Midwives

Provide prenatal care and childbirth assistance.

Median Annual Wage: $49,430

Education: Master's degree (27%); Associate's degree (20%); Bachelor's degree (15%)

Projected Growth: Faster than average (15% to 21%)

Related Job Titles: Certified Professional Midwife; Licensed Midwife; Director of Midwifery/Staff Midwife; Lay Midwife; Licensed Direct Entry Midwife; Midwife; Midwife and Birth Center Owner; Staff Midwife; Certified Professional Midwife, Licensed Midwife; Licensed Midwife, Certified Professional Midwife

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Source: O*NET OnLine information for Midwives.

More Healthcare Practitioners and Technical Careers

  • Monitor fetal growth and well-being through heartbeat detection, body measurement, and palpation.
  • Identify, monitor, or treat pregnancy-related problems such as hypertension, gestational diabetes, pre-term labor, and retarded fetal growth.
  • Provide necessary medical care for infants at birth, including emergency care such as resuscitation.
  • Establish and follow emergency or contingency plans for mothers and newborns.
  • Identify tubal and ectopic pregnancies and refer patients for treatments.
  • Maintain documentation of all patients' contacts, reviewing and updating records as necessary.
  • Perform post-partum health assessments of mothers and babies at regular intervals.
  • Assess the status of post-date pregnancies to determine treatments and interventions.
  • Counsel women regarding the nutritional requirements of pregnancy.
  • Suture perineal lacerations.
  • Conduct ongoing prenatal health assessments, tracking changes in physical and emotional health.
  • Obtain complete health and medical histories from patients including medical, surgical, reproductive, or mental health histories.
  • Assist maternal patients to find physical positions that will facilitate childbirth.
  • Evaluate patients' laboratory and medical records, requesting assistance from other practitioners when necessary.
  • Provide information about the physical and emotional processes involved in the pregnancy, labor, birth, and postpartum periods.
  • Estimate patients' due dates and re-evaluate as necessary based on examination results.
  • Set up or monitor the administration of oxygen or medications.
  • Complete birth certificates.
  • Provide comfort and relaxation measures for mothers in labor through interventions such as massage, breathing techniques, hydrotherapy, and music.
  • Refer patients to specialists for procedures such as ultrasounds and biophysical profiles.
  • Develop, implement, or evaluate individualized plans for midwifery care.
  • Test patients' hemoglobin, hematocrit, and blood glucose levels.
  • Recommend the use of vitamin and mineral supplements to enhance the health of patients and children.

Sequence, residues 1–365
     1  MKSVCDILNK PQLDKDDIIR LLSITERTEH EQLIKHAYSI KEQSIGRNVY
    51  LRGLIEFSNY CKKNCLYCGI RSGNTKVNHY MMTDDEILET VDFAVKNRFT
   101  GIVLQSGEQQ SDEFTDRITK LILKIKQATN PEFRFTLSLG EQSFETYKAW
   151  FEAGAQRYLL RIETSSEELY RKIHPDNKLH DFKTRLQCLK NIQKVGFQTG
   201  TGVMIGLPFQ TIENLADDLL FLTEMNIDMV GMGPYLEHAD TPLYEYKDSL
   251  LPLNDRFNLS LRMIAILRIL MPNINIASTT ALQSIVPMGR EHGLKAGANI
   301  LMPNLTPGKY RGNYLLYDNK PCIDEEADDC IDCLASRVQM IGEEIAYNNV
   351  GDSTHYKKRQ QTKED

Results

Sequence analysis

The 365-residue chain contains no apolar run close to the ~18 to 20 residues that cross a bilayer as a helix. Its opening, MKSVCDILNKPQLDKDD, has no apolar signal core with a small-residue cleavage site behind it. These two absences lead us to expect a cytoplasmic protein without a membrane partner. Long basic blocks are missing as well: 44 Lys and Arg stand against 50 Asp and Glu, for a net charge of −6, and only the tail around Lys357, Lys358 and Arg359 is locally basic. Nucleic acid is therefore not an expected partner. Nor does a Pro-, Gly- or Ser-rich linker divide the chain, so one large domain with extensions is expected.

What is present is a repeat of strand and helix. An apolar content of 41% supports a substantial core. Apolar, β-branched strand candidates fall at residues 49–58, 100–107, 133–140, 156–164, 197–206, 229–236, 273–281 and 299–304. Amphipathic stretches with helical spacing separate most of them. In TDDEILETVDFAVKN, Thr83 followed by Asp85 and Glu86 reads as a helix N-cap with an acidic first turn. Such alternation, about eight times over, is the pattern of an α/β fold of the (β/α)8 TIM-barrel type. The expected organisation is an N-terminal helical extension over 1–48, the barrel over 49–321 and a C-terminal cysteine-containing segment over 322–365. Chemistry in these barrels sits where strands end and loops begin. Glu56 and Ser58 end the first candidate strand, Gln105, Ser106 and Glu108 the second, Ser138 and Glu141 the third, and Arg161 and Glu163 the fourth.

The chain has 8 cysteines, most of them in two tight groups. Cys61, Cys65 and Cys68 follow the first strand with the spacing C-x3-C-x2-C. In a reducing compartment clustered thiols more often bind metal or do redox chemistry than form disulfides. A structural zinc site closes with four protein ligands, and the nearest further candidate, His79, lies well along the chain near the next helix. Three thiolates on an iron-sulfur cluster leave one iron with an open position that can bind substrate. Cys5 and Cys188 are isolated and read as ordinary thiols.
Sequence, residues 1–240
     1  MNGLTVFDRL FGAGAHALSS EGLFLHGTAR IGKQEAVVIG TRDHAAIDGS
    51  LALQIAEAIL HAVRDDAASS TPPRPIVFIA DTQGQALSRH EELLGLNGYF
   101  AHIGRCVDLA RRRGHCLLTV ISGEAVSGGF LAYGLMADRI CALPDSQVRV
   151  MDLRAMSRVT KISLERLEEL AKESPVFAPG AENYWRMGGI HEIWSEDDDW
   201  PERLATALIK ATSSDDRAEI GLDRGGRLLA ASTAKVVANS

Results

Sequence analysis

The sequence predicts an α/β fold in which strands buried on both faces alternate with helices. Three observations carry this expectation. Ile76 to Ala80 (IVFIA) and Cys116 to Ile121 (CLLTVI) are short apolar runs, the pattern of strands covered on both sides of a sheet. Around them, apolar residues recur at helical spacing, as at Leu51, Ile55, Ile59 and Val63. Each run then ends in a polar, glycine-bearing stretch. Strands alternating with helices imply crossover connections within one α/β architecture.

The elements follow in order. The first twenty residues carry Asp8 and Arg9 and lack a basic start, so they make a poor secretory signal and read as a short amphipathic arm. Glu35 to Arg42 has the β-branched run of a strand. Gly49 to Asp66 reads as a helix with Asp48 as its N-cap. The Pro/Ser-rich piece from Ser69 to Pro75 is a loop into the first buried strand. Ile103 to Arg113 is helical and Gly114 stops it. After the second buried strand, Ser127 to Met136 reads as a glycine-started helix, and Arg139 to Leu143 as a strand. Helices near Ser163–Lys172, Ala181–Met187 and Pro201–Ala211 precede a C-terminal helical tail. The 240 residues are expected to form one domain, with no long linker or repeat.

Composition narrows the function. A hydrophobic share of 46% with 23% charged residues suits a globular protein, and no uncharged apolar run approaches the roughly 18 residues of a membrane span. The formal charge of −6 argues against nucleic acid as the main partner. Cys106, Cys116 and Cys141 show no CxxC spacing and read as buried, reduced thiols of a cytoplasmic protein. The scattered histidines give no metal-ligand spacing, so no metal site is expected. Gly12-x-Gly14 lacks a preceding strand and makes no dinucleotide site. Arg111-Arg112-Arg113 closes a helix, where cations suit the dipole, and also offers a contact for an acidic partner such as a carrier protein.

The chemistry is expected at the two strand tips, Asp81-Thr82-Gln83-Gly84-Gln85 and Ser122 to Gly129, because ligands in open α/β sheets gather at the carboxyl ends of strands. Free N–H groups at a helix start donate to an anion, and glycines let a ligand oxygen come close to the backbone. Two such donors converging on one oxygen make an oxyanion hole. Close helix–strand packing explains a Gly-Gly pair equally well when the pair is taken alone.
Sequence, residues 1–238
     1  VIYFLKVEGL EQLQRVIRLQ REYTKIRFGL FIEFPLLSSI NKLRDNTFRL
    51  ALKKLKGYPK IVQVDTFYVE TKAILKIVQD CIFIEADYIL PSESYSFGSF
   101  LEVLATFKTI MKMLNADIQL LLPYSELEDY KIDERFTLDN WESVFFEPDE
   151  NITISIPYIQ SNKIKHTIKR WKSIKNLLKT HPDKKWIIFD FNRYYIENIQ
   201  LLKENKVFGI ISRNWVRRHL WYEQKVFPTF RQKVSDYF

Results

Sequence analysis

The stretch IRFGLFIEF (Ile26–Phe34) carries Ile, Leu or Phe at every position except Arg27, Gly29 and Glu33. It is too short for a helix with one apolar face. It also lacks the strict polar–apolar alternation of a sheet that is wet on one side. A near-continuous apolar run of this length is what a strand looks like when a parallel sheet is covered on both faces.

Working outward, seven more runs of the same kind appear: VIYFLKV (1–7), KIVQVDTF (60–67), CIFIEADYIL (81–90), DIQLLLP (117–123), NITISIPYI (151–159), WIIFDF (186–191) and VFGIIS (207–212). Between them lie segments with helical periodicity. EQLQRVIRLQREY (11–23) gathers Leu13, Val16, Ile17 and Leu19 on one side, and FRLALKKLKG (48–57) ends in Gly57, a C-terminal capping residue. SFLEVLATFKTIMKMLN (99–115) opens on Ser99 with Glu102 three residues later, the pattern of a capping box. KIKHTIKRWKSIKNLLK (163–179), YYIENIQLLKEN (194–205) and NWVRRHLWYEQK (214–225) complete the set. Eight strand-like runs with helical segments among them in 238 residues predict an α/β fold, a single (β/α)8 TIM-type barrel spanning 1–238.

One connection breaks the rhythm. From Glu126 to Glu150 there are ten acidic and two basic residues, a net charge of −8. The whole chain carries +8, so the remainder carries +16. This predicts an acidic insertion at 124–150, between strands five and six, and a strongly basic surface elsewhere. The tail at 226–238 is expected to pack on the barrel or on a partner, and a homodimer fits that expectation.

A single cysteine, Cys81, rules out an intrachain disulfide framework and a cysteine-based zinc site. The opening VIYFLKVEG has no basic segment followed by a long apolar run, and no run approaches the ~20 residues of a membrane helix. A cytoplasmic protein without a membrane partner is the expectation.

• Incorporate research findings into practice as appropriate.
  • Respond to breech birth presentations by applying methods such as exercises and external version.
  • Assess birthing environments to ensure cleanliness, safety, and the availability of appropriate supplies.
  • Provide, or refer patients to other providers for, education or counseling on topics such as genetic testing, newborn care, contraception, and breastfeeding.
  • Collect specimens for use in laboratory tests.
  • Provide postpartum patients with contraceptive and family planning information.
  • Inform patients of how to prepare and supply birth sites.
  • Treat patients' symptoms with alternative health care methods such as herbs and hydrotherapy.
  • Provide information about community health and social resources.
  • Compile and evaluate clinical practice statistics.

Source: O*NET OnLine information for Midwives.

  • Active Listening - Giving full attention to what other people are saying, taking time to understand the points being made, asking questions as appropriate, and not interrupting at inappropriate times.
  • Speaking - Talking to others to convey information effectively.
  • Social Perceptiveness - Being aware of others' reactions and understanding why they react as they do.
  • Judgment and Decision Making - Considering the relative costs and benefits of potential actions to choose the most appropriate one.
  • Monitoring - Monitoring/Assessing performance of yourself, other individuals, or organizations to make improvements or take corrective action.
  • Reading Comprehension - Understanding written sentences and paragraphs in work related documents.
  • Service Orientation - Actively looking for ways to help people.
  • Coordination - Adjusting actions in relation to others' actions.
  • Active Learning - Understanding the implications of new information for both current and future problem-solving and decision-making.

Source: O*NET OnLine information for Midwives.

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